Regenerative braking is widely used in electric and hybrid cars, but its first commercial use in an urban transit system is only now being built in the Philadelphia area.

Regenerative braking occurs when a vehicle, such as an electric car or train, uses its motor to stop. The motor is put into reverse and becomes a generator, pumping electricity back into the wires that delivered it.

Transit agencies have been using the technology for years, flowing back power into overhead lines or the third rail, where it can be picked up and used by the next passing train.

The Washington, D.C., Metro system has been using regenerative braking since 1983. In Oregon, Portland’s TriMet has used it since 1997. About 80% of Amtrak’s electric fleet in the Northeast Corridor uses regenerative braking, and the agency estimates it has reduced energy consumption by about 8%, according to a 2012 report.

The problem with those systems is, without an immediate need for the power, the power is lost. Philadelphia’s Southeastern Pennsylvania Transportation Authority (SEPTA), for instance, estimated that only 30% to 50% of the regenerated energy was being used.

Those savings were not enough to justify the investment to add energy storage to the system. “We are not doing wayside [energy storage] just to go green. It is absolutely critical that there is a financial return,” Erik Johanson, director of innovation at SEPTA, says.

Then, in 2011, SEPTA combined forces with Conshohocken, Pa.-based Viridity Energy and won a $900,000 grant from the Pennsylvania Energy Development Authority for a project that combines regenerative braking with battery storage.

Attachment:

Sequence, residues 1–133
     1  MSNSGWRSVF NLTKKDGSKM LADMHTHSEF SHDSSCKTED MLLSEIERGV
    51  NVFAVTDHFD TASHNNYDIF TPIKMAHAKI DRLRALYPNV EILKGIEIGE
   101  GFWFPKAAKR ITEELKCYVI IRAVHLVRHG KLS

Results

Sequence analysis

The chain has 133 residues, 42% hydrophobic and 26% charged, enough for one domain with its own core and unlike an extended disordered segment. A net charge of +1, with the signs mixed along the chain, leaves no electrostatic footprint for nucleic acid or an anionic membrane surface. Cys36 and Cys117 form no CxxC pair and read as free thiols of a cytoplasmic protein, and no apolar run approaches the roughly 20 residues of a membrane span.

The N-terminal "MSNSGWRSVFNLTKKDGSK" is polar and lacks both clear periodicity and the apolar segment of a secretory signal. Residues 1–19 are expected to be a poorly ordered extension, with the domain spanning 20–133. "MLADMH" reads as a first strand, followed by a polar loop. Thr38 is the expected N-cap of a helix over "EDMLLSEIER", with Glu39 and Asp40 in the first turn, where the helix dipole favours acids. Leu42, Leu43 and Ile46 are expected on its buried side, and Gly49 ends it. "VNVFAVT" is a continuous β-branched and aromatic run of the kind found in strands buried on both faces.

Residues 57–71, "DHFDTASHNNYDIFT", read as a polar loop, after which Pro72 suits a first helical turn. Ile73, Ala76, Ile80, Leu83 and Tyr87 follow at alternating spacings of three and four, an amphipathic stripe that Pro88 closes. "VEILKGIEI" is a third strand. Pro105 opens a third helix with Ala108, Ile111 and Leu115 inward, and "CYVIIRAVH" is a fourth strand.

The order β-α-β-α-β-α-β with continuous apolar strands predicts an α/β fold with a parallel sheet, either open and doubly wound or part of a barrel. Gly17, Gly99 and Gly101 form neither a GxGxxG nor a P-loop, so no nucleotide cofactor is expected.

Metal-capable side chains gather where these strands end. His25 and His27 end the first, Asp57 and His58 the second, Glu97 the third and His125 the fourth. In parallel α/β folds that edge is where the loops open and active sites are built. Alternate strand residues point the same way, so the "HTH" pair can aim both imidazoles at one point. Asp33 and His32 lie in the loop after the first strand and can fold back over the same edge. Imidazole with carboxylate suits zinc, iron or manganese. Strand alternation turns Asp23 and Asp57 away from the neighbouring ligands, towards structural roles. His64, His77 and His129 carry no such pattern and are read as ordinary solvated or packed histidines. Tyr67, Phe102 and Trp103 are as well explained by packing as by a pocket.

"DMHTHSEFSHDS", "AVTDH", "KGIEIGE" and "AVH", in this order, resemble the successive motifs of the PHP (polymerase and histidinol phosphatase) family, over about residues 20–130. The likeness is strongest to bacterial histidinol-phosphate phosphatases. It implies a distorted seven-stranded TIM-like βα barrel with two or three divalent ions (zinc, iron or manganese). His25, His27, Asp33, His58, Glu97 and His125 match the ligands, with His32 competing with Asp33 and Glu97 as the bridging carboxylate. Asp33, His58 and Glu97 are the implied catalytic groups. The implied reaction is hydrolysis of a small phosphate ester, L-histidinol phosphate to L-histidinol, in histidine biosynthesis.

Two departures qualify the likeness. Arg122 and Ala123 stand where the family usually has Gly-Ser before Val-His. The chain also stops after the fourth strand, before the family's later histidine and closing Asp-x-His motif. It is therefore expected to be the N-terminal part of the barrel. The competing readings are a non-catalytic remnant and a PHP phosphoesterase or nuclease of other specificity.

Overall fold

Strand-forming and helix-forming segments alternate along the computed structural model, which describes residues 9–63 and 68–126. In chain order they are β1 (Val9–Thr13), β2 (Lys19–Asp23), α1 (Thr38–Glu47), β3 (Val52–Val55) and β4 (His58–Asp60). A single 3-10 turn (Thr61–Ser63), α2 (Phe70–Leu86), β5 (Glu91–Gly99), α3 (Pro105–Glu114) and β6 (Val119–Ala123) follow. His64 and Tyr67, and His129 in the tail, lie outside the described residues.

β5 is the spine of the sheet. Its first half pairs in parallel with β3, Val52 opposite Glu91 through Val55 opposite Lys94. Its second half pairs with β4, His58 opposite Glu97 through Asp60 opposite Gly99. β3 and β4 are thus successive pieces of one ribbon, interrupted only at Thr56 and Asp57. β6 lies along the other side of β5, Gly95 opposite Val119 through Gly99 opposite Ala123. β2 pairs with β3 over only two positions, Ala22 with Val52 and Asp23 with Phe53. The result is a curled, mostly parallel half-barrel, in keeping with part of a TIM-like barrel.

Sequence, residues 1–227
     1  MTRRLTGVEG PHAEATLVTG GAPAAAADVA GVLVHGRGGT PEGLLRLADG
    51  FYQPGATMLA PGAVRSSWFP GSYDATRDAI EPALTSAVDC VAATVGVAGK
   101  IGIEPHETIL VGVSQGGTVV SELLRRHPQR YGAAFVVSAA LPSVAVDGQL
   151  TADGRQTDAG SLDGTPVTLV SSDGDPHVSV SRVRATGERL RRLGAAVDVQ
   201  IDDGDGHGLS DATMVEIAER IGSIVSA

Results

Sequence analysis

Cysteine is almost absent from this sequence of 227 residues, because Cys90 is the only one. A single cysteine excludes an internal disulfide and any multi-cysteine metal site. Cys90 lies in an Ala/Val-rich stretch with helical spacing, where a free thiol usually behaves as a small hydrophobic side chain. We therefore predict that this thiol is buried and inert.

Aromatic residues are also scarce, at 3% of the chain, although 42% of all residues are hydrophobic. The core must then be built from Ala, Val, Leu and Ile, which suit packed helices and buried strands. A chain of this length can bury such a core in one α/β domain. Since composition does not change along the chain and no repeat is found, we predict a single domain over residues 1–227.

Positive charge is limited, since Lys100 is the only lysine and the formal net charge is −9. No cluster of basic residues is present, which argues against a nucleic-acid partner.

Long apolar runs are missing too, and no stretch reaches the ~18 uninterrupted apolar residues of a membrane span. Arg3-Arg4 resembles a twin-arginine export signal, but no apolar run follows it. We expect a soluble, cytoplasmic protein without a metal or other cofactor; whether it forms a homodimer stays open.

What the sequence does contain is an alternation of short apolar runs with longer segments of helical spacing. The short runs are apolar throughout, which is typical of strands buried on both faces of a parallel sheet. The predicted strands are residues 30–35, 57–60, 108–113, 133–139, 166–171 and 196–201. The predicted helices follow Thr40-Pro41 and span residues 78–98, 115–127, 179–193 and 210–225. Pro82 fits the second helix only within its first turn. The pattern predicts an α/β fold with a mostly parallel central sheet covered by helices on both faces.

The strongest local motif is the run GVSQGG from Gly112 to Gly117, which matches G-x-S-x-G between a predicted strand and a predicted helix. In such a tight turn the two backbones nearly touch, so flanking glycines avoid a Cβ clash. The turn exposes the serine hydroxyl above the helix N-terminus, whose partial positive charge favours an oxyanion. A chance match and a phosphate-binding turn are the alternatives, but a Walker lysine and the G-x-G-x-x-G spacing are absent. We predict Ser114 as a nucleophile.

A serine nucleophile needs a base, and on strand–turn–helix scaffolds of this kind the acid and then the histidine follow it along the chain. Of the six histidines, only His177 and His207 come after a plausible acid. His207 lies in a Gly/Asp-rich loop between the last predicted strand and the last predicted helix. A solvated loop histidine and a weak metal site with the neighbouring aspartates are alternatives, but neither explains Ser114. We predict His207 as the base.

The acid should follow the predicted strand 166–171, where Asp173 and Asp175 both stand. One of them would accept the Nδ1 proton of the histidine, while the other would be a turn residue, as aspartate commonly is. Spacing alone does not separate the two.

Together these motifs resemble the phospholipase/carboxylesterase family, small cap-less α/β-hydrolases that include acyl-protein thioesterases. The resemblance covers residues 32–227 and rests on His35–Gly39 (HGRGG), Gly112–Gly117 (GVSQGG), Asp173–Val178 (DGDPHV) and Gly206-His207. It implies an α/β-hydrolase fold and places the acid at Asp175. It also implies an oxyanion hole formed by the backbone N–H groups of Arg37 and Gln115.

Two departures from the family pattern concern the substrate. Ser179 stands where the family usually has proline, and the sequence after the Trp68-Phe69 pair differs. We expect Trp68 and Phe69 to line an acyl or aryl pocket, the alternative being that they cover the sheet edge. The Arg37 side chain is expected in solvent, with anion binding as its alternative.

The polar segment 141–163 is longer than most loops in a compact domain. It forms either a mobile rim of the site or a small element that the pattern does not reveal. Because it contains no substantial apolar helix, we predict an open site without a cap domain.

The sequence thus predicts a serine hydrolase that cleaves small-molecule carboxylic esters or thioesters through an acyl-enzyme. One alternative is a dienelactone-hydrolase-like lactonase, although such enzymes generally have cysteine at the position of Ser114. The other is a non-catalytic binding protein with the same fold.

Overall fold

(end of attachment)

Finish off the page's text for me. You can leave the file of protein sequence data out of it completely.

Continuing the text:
The project reduced SEPTA’s demand by 20%, but the key component came from Viridity. The energy services company provided a software interface between SEPTA and the PJM Interconnection, operator of the mid-Atlantic wholesale power market. The software allows SEPTA’s stored energy to be sold into PJM’s frequency-regulation market, where it is used to balance the supply and demand of power. The profits SEPTA and Viridity shared from those sales made the project economically viable.

SEPTA then did another, slightly larger, 1-MW wayside storage project. “If we could combine saving money with generating revenue, we could create the financial justification” for expanding wayside storage, Johanson says. The benefits were demonstrated, he says, but “we didn’t have the capital for the expansion.”

To bridge that gap, SEPTA teamed up with Constellation, an electricity retailer. They came up with a structure under which Constellation would pay to bring the project up to commercial scale. Viridity still provides the interface with PJM, but Constellation is underwriting the addition of seven storage devices, totaling 8.75 MW. The deal is financed through a 20-year battery services agreement with SEPTA.

Constellation did not disclose the cost of the build-out, but industry estimates put it at $12 million to $14 million.

The key to the SEPTA project is that “there is more than one stream of value,” Ben Chadwick, director of distributed energy development for Constellation, says.

From SEPTA’s point of view, the organization gave up some revenues but essentially got the batteries for free, Johanson says.

Other municipalities are looking at adding energy storage to their transit systems. Los Angeles has installed a 2-MW system under a $4.46-million federal grant. In Oregon, the Portland-Milwaukie Light Rail Transit system is exploring storage using a different technology: supercapacitors.

But, as Johanson notes, the key to the system is not so much the technology as the P3 model that SEPTA pioneered. The deal was difficult and multilayered, but it is replicable, he says.

Tyler Breiner, senior manager of partnerships and projects at Viridity, says his company already has had discussions with transit officials in Chicago, New York City and Washington, D.C.